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Higher interest rates threaten to choke off investment spending by Canadian companies, with one-third of businesses warning even a two-percentage-point jump in borrowing costs would derail their growth plans and put their companies at risk, according to a new survey of mid-sized firms.

The poll, conducted by accounting firm KPMG, highlights the tightrope the Bank of Canada must walk as it tries to bring rising consumer prices under control without strangling a recovery, particularly since the central bank has said a robust revival in business investment will be critical to supporting Canada’s economy as the COVID-19 pandemic recedes.

Fifty-five per cent of companies said a one-percentage-point increase in the prime lending rate would put “material, substantial or considerable pressure on their business and cash flow” the survey of business leaders from more than 500 companies in early February found.

Companies in the consumer and retail space were most vulnerable, with 62 per cent saying their cash flows would come under pressure, while just 27 per cent of business leaders in the manufacturing sector shared that concern.

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When business leaders were asked what level of increase in borrowing rates would jeopardize their growth or investment plans, 11 per cent said a one-percentage-point increase would mark a tipping point for them, with that share rising to 33 per cent should their borrowing costs go up by two percentage points.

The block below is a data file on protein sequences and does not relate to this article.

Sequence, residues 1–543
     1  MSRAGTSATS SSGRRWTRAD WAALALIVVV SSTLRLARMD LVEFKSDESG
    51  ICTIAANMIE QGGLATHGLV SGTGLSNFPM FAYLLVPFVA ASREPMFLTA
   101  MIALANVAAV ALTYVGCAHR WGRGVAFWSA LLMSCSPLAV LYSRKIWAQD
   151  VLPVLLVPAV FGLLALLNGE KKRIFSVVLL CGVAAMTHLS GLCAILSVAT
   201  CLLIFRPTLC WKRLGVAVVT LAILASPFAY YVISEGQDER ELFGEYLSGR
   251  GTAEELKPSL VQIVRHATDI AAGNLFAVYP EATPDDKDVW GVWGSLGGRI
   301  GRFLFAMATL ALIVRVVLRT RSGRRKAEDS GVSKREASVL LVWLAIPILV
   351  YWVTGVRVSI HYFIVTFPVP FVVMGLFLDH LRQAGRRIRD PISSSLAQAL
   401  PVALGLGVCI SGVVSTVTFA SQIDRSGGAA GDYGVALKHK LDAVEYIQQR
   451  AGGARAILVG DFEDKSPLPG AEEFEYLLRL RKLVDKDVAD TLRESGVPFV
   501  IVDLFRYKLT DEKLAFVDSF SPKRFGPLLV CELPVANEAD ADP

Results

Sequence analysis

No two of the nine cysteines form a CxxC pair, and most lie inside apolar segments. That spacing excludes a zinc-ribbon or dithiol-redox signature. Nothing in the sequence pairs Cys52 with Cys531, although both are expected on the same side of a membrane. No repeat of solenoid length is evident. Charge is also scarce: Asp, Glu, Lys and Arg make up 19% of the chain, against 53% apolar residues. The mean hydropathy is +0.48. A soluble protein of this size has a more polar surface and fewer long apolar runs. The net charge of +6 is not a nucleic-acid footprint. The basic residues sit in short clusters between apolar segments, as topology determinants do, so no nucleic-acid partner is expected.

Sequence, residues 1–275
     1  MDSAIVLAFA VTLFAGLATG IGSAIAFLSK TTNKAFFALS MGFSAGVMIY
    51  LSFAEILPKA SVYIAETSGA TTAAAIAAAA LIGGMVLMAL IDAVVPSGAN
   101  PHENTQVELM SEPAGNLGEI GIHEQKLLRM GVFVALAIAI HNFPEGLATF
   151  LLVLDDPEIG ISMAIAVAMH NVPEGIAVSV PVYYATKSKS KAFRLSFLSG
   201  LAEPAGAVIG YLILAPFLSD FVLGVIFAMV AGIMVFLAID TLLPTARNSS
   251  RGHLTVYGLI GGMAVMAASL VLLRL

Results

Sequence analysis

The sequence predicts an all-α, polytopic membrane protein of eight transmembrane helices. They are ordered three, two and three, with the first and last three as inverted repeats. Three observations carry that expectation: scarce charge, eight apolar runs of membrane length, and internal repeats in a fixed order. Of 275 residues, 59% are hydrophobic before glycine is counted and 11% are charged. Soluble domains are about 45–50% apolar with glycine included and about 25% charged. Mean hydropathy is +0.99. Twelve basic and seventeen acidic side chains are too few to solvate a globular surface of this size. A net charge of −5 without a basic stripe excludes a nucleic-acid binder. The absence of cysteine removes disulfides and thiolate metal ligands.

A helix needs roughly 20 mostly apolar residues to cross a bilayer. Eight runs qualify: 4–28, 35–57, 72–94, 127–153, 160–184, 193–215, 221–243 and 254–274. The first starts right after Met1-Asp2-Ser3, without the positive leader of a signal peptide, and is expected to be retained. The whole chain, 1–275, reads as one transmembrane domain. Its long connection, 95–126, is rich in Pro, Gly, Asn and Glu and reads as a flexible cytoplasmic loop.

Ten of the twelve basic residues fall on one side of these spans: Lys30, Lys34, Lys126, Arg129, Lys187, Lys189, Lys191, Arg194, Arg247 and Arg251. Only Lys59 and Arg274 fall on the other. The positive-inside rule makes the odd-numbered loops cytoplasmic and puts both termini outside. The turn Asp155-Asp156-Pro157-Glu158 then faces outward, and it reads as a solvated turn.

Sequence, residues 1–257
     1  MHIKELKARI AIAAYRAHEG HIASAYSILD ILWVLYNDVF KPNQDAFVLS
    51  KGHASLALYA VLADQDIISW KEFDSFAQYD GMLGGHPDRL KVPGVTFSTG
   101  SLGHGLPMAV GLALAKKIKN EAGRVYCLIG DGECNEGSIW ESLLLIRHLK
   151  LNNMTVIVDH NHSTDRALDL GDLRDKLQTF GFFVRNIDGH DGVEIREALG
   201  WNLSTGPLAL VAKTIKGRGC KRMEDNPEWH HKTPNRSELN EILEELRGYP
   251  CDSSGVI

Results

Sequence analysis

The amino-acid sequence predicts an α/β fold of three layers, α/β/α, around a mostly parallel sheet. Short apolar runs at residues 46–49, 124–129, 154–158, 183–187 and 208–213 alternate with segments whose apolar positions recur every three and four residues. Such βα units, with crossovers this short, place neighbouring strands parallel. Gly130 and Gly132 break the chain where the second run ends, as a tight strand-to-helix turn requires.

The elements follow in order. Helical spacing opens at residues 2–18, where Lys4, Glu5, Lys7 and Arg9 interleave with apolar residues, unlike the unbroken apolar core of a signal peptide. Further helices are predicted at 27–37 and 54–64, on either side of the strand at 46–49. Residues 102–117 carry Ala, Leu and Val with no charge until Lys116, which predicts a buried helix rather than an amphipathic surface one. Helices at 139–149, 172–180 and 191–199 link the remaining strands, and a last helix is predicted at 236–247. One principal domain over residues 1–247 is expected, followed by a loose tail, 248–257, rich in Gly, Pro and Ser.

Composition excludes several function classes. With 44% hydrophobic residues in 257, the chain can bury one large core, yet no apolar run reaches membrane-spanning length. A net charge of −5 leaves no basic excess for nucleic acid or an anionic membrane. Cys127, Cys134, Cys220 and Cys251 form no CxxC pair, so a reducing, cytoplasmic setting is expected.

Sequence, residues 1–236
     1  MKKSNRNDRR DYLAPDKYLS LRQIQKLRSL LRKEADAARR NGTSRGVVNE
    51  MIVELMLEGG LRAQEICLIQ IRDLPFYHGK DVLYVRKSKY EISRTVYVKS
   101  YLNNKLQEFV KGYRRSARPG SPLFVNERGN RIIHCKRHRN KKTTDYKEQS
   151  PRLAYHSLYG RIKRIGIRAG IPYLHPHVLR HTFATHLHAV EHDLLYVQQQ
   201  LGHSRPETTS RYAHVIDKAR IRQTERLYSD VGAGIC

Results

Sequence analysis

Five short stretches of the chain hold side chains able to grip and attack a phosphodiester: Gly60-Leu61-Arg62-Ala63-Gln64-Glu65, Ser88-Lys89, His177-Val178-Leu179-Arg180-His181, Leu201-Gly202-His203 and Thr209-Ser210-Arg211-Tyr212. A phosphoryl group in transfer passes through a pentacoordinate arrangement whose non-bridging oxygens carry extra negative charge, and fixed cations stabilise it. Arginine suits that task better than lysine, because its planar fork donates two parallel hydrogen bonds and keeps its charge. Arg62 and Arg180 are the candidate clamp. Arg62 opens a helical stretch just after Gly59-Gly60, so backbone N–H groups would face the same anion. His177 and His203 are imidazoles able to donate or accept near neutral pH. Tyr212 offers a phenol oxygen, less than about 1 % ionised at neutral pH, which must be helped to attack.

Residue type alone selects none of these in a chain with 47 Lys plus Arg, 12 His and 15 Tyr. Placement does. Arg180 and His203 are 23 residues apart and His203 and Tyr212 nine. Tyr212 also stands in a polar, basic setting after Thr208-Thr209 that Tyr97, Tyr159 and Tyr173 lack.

“It’s surprising when you look at the stress level people have with a 1.5 to two [percentage point] increase in rates, but we’ve lived in a world of low interest rates for so long,” said Paul van Eyk, national leader of KPMG’s restructure and turnaround services in Canada.

The Bank of Canada raised its policy interest rate by 0.25 percentage points earlier this month to 0.5 per cent, its first rate increase since 2018. Many forecasters expect the rate hikes to continue, despite the uncertainty brought on by the war in Ukraine, since inflation has shown little sign of slowing. Economists at Scotiabank expect Canada’s policy rate to hit 2 per cent by the end of the year, rising to 2.5 per cent next year.

Unlike in past rate-hike cycles, companies have fewer levers to pull to relieve the pressure on their bottom lines, Mr. van Eyk said.

“You can’t lay people off because you’re just trying to hold on to the people you have, your supply chain is in chaos and then you add in all the geopolitical events and the pandemic,” he said.

“You have this perfect storm brewing where, historically, companies weren’t facing such a level of chaos in the markets when rates increased.”

One concern facing the Canadian economy as interest rates rise is corporate debt. Canadian companies were already carrying large debt loads before COVID-19 and have borrowed heavily throughout the pandemic.

Offsetting that is the large cash holdings that companies have amassed, thanks to the cheap cost of debt and strong corporate profits during the pandemic.

Mr. van Eyk said it’s too early to know whether the headwinds from higher rates, supply chain disruptions and geopolitical uncertainty will cause companies to struggle with their debt, but signs of stress will show up first in the loan loss reserves at Canada’s big banks.

In a note Friday, debt rating agency Fitch Ratings said provisions for loan losses at the banks increased during their first fiscal quarter of 2022, but remained well below historical averages. Impaired loans were more than 25 per cent below prepandemic levels, Fitch said.

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